But, the downside of that move is it means bringing all NDSU sports to the Division I level, and there are some real big tradeoffs with that. In March, our women finished second in the nation in Division II indoor track, and our men were seventh. That was the highest finish we’ve ever had with our women. We also won the national championship in Division II wrestling and made it to the Elite Eight in Division II women’s basketball.
So there’s definitely the question: Is it better being a big fish in a small pond, or being a small fish in a big pond? How competitive would our basketball teams be at the Division I level? Where do our other sports fit in? They’d be competing with all the big schools in Division I.
You recently revamped your athletic department Web site. Why and how did you do this?
The sad part of athletics today is that you’re running a business because of the fiscal responsibility. You hire the marketing and promotions people. You hire the fund-raising people. But we found we needed to do even more. We hired an advertising agency and basically charged them with helping us bridge the gap between athletics and the community—finding the buttons to push to get more people involved with our program.
We’ve come up with a five-year plan to increase ticket sales and to get involved with corporate sales. And as part of this, the ad agency helped us redo the Web page. The Web is wonderful, this technology is wonderful, but the downside is now you’re putting more stress on the athletic department because you’re going to have to find people that can keep it up.
In Women’s Basketball Coach Amy Ruley, you have a longtime outstanding coach (over 500 wins) who has not jumped to Division I. Do you do anything special to keep your coaches from looking for jobs elsewhere?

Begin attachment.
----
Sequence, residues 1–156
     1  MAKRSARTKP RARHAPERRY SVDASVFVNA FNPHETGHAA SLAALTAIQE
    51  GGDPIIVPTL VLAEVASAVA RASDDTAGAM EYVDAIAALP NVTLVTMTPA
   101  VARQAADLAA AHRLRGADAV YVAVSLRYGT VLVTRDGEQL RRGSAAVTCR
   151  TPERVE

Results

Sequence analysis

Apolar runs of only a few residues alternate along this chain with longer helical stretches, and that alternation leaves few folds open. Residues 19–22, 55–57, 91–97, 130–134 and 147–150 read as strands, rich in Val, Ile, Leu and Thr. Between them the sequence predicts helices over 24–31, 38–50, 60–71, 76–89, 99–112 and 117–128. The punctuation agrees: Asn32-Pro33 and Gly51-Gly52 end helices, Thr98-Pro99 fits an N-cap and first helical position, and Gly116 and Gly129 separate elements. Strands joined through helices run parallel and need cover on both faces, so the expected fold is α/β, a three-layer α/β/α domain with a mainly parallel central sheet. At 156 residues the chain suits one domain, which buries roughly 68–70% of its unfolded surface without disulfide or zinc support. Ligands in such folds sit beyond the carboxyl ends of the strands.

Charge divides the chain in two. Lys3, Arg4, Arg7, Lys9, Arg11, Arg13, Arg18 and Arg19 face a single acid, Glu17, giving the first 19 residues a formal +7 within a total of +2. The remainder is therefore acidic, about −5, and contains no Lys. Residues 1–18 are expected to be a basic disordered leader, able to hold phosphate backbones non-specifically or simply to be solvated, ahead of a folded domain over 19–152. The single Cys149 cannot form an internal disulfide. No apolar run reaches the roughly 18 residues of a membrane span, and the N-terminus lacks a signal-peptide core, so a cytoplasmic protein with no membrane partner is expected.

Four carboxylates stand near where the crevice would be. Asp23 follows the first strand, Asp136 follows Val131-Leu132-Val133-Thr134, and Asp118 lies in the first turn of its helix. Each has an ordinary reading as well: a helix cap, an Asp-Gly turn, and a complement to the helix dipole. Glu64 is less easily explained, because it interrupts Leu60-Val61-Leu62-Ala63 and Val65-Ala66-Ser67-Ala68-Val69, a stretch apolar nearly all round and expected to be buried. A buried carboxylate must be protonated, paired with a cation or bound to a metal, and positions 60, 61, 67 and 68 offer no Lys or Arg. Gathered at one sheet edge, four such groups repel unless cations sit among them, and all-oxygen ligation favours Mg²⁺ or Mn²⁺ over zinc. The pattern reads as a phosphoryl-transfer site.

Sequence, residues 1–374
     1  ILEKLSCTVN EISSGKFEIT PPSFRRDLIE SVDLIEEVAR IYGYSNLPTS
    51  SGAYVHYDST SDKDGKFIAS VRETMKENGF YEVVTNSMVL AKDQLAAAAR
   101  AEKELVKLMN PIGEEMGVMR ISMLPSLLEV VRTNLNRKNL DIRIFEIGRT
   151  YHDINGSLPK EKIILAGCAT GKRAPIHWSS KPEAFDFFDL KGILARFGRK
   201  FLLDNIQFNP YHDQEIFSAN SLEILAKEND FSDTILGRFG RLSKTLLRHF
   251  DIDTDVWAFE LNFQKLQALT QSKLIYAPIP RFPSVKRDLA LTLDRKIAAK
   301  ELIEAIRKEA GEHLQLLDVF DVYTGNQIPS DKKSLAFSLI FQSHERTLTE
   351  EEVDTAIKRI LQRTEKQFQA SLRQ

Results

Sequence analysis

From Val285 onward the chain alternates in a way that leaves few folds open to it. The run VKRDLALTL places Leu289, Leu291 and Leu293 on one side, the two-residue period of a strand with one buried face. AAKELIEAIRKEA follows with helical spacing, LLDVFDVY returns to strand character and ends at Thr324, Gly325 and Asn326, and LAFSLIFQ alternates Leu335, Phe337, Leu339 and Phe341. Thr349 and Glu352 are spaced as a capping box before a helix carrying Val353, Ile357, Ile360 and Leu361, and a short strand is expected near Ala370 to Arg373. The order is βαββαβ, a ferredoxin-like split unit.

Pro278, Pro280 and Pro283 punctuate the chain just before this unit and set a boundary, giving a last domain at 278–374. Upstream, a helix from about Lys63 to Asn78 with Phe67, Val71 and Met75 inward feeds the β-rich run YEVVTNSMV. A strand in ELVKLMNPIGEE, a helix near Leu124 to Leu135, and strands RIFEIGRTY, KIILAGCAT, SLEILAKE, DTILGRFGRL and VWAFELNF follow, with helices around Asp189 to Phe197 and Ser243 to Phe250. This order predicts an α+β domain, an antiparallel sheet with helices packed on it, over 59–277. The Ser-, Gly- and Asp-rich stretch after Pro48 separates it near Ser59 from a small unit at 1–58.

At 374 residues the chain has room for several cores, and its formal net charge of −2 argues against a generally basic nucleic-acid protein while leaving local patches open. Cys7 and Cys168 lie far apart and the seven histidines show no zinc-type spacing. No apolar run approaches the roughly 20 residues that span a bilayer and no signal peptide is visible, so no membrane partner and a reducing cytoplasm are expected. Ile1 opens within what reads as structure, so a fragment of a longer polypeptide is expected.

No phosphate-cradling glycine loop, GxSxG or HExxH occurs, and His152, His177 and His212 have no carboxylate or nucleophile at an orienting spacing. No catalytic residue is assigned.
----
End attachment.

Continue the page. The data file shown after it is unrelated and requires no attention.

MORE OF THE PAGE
I think the basic reason she has stayed is because we’re fair to her financially. But I think we’ve also satisfied her needs in her job by providing the means for her to be successful. She has the fan support, and I think the quality of our facilities and the attention she gets from the media are all part of why she has turned down other opportunities and stayed at NDSU.
Your student-athletes do well in the classroom, boasting a 2.9 grade point average. What does the department do to make sure the athletes think of their academics first?
It’s how you communicate the importance of academics, and in our philosophy it’s stressed a lot. You have to make a commitment to your student-athletes and provide the means.
We have an academic enhancement center that all freshmen have to be involved in. And if others don’t have a certain grade-point average, they also have to be in there. As part of the center, we provide tutoring for any classes they need help with. We also have another person who works with higher-risk student-athletes.
We also publicize “Student-Athletes of the Week” based on academic accomplishments. They are introduced to boosters at a weekly coaches-booster meeting. It’s nice for those community people to realize that these athletes are quality people who can communicate with others.
The leadership of our coaches is also crucial. Our coaches make their student-athletes responsible for going to their classes and doing well in school, and if they don’t, then there are consequences. They also tell their student-athletes, “We know you’re going to work hard in practice, and you’re going to work hard in games. But if you don’t do the same thing in your academics, you’re not going to reach your capabilities. And that’s our goal—for you to reach your athletic capabilities and your academic capabilities while you’re here.”